"Honore Daumier was a master at exploiting the suggestive power of the sketch. He would let his hand move freely, conjuring the figure as he scribbled. His drawings evolved naturally from evocative impulses into more concrete and discernible forms, yet they always retained the sense of energy and movement found in his gestural sketches.


...you can see this progressive development, taken in two different directions. to draw the right-hand figure, Daumier uses a strong singular line that overrides lighter ones and confirms and encloses the body's edges. Daumier recasts and intensifies the original lines of the left figure through repetition to build value that seems to fill out the body from within. A third figure, barely visible in the center of the drawing, suggests how Daumier began, using light marks to coax his figures into being. As the figures evolve, they become increasingly volumetric."

Drawing From Life by Clint Brown and Cheryl McLean. p. 23


Gesture and Sensitive Line:

The use of gesture line allows the artist to capture a subject's movement, form, and character. There is a sense of power, excitement, and life within a form found just below its surface.
A gesture drawing, regardless of subject, portrays that essential form, position in space, and/ or movement of the subject absent of surface detail.
Gesture drawings yield critical underlying information in a nondetailed sense...

A Guide to Drawing by Daniel M. Mendelowitz, David L. Faber, Duane A. Wakeham - pp. 76,77

What is meant by "Sensitive" Line?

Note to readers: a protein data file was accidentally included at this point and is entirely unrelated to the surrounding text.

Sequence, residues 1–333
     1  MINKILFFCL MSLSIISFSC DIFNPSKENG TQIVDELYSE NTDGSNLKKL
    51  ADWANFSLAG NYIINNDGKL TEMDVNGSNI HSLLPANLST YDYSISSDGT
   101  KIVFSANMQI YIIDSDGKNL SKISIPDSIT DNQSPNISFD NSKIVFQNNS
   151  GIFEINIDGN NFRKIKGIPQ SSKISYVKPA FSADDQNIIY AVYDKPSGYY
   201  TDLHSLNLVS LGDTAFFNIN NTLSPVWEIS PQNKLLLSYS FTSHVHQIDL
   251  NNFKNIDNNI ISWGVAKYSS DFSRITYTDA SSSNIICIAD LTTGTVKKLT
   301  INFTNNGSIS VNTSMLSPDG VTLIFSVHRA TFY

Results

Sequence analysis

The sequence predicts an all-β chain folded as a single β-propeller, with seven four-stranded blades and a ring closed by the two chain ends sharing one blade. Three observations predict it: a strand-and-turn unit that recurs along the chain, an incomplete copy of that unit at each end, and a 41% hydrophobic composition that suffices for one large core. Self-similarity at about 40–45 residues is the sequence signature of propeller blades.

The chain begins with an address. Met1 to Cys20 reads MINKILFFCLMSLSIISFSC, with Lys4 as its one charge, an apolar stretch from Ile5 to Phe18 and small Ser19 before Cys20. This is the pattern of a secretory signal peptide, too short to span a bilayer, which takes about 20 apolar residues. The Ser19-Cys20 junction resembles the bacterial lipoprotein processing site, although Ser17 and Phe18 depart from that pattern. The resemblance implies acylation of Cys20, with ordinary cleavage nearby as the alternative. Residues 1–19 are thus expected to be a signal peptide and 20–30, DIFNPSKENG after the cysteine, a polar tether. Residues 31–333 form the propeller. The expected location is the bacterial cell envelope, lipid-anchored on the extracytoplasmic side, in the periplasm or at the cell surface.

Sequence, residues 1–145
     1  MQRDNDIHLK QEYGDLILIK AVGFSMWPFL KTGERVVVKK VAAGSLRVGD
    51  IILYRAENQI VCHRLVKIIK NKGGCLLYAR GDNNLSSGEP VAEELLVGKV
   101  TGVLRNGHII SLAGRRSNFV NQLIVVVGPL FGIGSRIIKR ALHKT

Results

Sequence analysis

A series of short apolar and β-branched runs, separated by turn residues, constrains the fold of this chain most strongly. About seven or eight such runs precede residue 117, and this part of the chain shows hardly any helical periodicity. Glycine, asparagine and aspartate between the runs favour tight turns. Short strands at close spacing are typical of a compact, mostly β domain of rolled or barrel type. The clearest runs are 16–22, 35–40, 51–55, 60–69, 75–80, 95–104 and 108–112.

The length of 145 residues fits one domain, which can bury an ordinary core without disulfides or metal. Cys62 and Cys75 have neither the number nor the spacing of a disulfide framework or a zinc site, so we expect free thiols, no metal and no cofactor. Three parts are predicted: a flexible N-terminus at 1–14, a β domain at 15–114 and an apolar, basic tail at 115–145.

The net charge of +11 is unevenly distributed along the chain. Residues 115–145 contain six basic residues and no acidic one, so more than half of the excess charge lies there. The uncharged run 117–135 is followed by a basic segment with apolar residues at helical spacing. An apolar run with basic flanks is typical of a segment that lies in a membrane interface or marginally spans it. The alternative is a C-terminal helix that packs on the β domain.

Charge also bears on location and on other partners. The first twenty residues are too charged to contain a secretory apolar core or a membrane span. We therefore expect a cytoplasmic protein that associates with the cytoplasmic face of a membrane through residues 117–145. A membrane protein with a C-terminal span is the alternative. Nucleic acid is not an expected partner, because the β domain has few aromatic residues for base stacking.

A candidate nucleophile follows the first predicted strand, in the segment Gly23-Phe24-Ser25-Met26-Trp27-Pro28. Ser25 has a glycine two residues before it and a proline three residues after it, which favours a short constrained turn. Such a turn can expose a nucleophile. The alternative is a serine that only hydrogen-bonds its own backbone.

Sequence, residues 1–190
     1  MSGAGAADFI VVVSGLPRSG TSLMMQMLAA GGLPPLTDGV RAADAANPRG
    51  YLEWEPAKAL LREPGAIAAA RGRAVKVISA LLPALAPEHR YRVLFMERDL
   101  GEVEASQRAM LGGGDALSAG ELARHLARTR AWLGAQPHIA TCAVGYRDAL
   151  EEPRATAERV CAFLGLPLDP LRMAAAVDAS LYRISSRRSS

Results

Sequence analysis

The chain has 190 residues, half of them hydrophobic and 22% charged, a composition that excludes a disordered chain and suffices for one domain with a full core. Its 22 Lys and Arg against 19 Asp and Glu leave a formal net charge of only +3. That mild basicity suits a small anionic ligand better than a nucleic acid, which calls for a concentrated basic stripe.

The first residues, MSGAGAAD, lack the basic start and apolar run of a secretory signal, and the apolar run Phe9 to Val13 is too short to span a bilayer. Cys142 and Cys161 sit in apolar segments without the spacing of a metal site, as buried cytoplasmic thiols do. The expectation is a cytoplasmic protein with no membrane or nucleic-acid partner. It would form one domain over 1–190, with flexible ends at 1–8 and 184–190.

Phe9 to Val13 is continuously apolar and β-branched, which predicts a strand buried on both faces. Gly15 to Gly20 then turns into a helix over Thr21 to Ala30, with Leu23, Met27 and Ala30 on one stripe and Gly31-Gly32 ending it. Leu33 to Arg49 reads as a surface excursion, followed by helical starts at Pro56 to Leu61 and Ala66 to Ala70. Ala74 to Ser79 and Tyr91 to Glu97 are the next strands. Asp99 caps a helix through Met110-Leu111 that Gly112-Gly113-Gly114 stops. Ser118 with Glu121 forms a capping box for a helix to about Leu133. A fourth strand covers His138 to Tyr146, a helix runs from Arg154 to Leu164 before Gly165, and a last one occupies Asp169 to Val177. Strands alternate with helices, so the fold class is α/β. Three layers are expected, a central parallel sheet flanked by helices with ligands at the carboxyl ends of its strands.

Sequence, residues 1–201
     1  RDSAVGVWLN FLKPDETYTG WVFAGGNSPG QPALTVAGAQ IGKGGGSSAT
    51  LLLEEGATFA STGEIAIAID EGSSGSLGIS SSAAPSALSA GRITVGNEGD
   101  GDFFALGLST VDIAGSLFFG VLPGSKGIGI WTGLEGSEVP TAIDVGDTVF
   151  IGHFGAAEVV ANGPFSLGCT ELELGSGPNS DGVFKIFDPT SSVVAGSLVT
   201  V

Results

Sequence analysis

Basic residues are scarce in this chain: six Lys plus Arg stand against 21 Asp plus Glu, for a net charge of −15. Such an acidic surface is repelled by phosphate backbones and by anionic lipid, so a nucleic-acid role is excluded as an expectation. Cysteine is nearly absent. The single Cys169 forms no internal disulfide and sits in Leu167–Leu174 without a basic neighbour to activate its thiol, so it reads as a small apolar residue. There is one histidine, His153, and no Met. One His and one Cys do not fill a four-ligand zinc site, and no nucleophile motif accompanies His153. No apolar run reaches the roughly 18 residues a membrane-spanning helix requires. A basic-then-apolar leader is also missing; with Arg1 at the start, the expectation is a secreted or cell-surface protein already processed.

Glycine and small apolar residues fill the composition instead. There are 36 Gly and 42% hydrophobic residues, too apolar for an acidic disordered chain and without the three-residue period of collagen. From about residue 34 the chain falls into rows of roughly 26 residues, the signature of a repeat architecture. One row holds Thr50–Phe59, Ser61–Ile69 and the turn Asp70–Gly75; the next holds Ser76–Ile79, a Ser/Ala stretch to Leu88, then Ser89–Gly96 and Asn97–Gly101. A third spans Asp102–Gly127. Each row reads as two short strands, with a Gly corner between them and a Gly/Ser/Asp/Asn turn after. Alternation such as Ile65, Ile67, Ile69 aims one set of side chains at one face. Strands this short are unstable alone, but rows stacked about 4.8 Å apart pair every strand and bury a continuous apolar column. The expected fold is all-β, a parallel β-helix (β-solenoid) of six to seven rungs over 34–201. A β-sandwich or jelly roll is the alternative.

Sensitive: having the power of sensation; ready and delicate in response to outside influences; able to register minute changes or differences; degree of responsiveness to stimuli; having power of feeling; of such a nature as to be easily affected.
Sensitive line is sensitive in its description of and response to both inner and outer contours or edges of an object.
Sensitive line is able to register minute changes or differences found along contours or edges.
Sensitive line is responsive to both subtle and not-so-subtle activity found along contours or edges.
Sensitive line has the power to convey a strong sense of volume, mass, form, weight, dimensionality, and space and can also convey a strong sense of feeling.
Sensitive line, in addition to its responsiveness to the information being described or interpreted, it is also sensitive in its own right, independent of subject matter.
Whether it addresses a particular form or exists independently, it can display various qualities including textured or smooth, dark or light, continuous or broken, curvilinear or rectilinear, heavy or delicate, thick or thin, and so on.
But ultimately sensitive contour line can be described as having three main qualities - weight, value, and texture.
Sensitive line is capable of describing a form with simultaneous regard for shadow and light, for position in space (foreground, middle ground, and background), and for perceived physical weight and the effect of gravity on a form.
The shifting quality of weight, value, and texture in line work invites various interpretations regarding light source, spatial position, and weight or grounding of objects.
The quality of line is determined by the artist's response to the medium being used, the surface on which the medium is being applied, and the subject matter with which the artist is concerned.

Achieving Line Variation and Line Sensitivity

There are no specific "formulas" for achieving line quality and sensitivity.
The kind of line employed by the artist is a decision based on the artist's personal response to the form being drawn, and that response is undoubtedly influenced by a multitude of factors.
Lines vary tremendously in character, and each type of line has its own expressive potential.

Drawing Essentials by Deborah Rockman - pp. 52,53